The cool thing about this is that it ties into what J.P. observed in his piece. If we had a better data base of tactics and what teams are employing what at any given time, we’d probably be able to make a much cleaner link. As it stands though, I’m pretty comfortable with the belief that what we’re seeing here is the impact of tactics and that Boudreau’s much closer to whatever the analytically correct answer might be than Carlyle is (or his successors in Washington.)

    Email Tyler Dellow at tyler@mc79hockey.com


    8 Responses to Bruce Boudreau and Offensive Zone Faceoff Losses

    1. Woodguy
      April 13, 2014 at


      Those are pretty unreal number after a face-off loss.

      This just adds to the growing evidence that “safe hockey” isn’t very safe at all.

      It seems to reduce your corsi events for as much, if not more than you save in corsi events against.

      I would even go as far to say that “safe hockey” tends to reduce the amount of corsi events and leaves you exposed to whims of variance in SH% and SV% as well. NJD is an example of this.

      Paints a grim future for the “safe hockey” that MacT and Eakins subscribe to in terms of what we can look forward to in terms of the Oilers.

      Sacrificing corsi events for on the alter of avoiding the boogeyman of blue line turn overs helped drive Hall’s into the ditch.

      Sacrificing corsi events for on the alter of a losing streak due mostly to poor SV% (As JR mentions in his excellent piece) drove WAS into the ditch.

      I can see why Eakins may want to preach and get the team to buy into safe hockey, they don’t have the roster trade chances (when Nick Shultz lines up for >50% of the nights as 2LD, you don’t have a roster for doing much), but what is lost in the process?

      Have you watched a bunch of ANA games to see what Boudreau is doing?

    2. Bling
      April 14, 2014 at

      This reminds me a bit of piece I read on the effect that analytics was having on basketball.

      One of the conclusions was that teams ought to be much, much more aggressive on help defence than they currently are. Interestingly, very few coaches were interested, the reason being that more help defence = more dunks for your opponent = more of you “looking bad”, even though over the long term your team would be more successful.

      Maybe that’s what happened with Boudreau in Washington. He was having great results, but there was an air of defensive indifference — a few odd-man rushes the other way, a few GA that “looked bad”. So they flip-flopped.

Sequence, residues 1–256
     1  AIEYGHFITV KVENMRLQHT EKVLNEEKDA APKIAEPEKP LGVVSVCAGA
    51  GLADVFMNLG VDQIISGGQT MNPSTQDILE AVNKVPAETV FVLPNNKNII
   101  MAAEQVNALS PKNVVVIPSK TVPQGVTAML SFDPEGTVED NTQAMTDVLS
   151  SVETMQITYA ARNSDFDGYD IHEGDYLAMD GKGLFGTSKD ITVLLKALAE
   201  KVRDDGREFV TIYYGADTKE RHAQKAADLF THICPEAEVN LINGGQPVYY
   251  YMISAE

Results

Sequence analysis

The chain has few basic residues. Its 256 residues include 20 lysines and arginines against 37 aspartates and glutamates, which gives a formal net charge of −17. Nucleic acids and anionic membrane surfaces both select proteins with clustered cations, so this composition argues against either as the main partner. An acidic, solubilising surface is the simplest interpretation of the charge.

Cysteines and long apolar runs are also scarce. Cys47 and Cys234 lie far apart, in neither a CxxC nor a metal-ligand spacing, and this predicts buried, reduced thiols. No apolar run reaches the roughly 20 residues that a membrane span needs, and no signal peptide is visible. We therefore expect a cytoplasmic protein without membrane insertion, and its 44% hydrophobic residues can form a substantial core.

3. Bling
      April 14, 2014 at


      All of Mike Green’s monster offensive seasons coincided with Boudreau’s “Rock N Roll” era.

      Makes me wonder if the Caps were more aggressive than other NHL teams in activating the defence to maintain possession following an o-zone draw, regardless of outcome.

    4. Jeremy Wright
      April 14, 2014 at

      Could this partly be an effect of playing in the SE division? You should break it out into non SE opponents and see what happens.

      Great stuff as always:)

      • Jeremy Wright
        April 14, 2014 at

        And I should clarify… obviously BB is doing something unique, but how much of the Washington inflation was due to playing in the SE?

    5. April 14, 2014 at

      Jeremy it is a valid argument that the Caps benefited from weaker teams in the Southeast. However, BB had his teams marching over everyone in the East in 09-10. Also, he is no longer getting the benefit of those weaker teams out West. The sample size is now large enough to show that it doesn’t matter who the competion is, BB has an effective system in place to generate offense even after losing a face off.

    6. FastOil
      April 14, 2014 at

      Interesting piece as usual, thanks.

      I wonder how could his tactics be a secret to those with deep hockey knowledge? Is it coaching players with all world talent that play a ton and dominate possession? Why wouldn’t such success be copied?

    7. Rudie
      April 15, 2014 at

      You mention using a window of 37s after OZ+ yet 21s after OZ-. Why the diffence? Do the tables also use the same times?